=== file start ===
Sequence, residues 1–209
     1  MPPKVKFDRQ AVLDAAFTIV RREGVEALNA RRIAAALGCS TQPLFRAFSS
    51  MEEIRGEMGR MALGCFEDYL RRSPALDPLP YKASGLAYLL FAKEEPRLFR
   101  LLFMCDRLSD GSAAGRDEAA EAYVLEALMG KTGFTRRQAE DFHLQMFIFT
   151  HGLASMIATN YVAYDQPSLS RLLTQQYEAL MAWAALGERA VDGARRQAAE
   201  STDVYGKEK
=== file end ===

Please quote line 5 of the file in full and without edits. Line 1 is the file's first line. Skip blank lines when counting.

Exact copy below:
   151  HGLASMIATN YVAYDQPSLS RLLTQQYEAL MAWAALGERA VDGARRQAAE